Today I would like to introduce my husband, George T. Parker, to you. He is also part of our local writing group called The Redding Writer’s Forum. His main role in the group is writing their monthly newsletter, mailing it out, and posting to their website. He has photographed some of their meetings along with others sharing in this responsibility. He also includes writing from other members of the group in the newsletter.
In September he will be their first speaker of the year doing a presentation on writing memoirs. He has been working on putting together his own memoir mostly focusing on the years that he was in the California Conservation Corps. Here is a link to a great fictionalized story he wrote about something that happened in the C’s. http://reddingwritersforum.com
So here are George’s answers to my questions for this post. Enjoy!
- How long have you been a writer and/or artist?
I’ve been a writer pretty much all of my life, as far back as grade school. I wrote a lot of weird adventure stories, and even did some cartooning of stories. (Yes! I could draw back then!) My writing got more sophisticated in high school, with more sarcasm and wit. I also started writing Dungeons & Dragons adventures for my gaming group. I journaled a lot in the California Conservation Corps, and after the Cs, I contributed to my community college’s literary magazine, Bridges. Lately, I’ve been blogging about the CCC and D&D. The main project that I would like to finish and see published before I die is my memoir of life in the CCC.
- What do you like to write about and/or create?
I love memoir. The motto for my CCC blog is ‘Everybody has a story that deserves to be told.’ I believe that, and I love to help people tell their stories.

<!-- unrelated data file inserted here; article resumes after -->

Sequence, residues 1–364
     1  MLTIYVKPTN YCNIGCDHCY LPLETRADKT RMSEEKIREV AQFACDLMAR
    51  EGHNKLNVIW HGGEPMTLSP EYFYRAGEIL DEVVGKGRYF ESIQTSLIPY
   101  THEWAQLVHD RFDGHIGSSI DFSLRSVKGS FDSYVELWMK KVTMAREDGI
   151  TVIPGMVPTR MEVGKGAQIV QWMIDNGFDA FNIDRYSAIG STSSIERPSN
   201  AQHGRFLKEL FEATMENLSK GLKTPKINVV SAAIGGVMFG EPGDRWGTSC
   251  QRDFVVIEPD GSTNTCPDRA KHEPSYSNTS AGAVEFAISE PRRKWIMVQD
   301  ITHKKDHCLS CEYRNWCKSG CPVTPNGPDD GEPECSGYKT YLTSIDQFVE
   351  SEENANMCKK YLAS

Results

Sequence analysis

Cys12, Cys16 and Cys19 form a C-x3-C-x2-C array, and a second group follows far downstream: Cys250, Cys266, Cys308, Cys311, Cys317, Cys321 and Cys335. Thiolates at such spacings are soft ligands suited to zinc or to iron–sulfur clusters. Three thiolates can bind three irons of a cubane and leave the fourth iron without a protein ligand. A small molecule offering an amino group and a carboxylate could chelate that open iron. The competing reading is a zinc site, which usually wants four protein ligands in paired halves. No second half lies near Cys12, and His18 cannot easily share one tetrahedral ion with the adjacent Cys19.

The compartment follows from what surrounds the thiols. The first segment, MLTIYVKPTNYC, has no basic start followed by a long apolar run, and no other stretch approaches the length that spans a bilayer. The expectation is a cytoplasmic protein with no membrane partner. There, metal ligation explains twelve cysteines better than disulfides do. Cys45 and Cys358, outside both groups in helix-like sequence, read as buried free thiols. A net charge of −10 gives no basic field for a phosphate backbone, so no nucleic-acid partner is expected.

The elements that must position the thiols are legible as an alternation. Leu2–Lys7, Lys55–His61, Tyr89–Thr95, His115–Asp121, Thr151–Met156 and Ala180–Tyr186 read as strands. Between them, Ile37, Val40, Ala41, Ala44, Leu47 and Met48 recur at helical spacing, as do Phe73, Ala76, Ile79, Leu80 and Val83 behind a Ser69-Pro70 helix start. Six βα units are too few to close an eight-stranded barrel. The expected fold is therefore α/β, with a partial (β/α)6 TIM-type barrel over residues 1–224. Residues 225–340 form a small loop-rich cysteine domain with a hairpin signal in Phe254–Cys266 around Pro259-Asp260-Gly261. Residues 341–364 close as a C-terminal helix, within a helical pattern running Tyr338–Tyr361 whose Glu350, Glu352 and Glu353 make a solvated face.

I love to help people see, hear, and feel the outdoors like I have experienced them.
I also love to make people laugh.
- Who has been the greatest influence in your creativity? (This could be someone you know or someone you admire but have never met.)
I don’t know where to start. Certainly, John Muir comes to mind for any outdoors writing, or even memoir. Edward Abby’s Monkey Wrench Gang is the perfect blend of outdoors and humor.
Louis L’Amour really inspired me to write about places that I know first-hand. That’s what he did, and it showed.
Believe it or not, a primary influence for writing humor was Art Buchwald’s political satire of the 1960s and early ‘70s. I suppose that I should also include Douglas Adams (Hitchhiker’s Guide to the Galaxy), Robert Asprin (The Myth-Adventures series), and Monty Python.
You can see more of George’s work at either of his blogs. Here are the links.
Thank you, George, for contributing your story to my series FOCUS ON CREATIVE ENERGY. I enjoyed it as I am sure others will, too!
NOTE: Unless I hear from other “creatives” who want to share their stories, George’s will be the last post in this series. I realize it takes time to answer questions that perhaps you haven’t been asked in a long time, but just remember…it doesn’t have to be long! Send it to firstname.lastname@example.org. Thanks!
Have a wonderful day and give someone you love a big hug! 🙂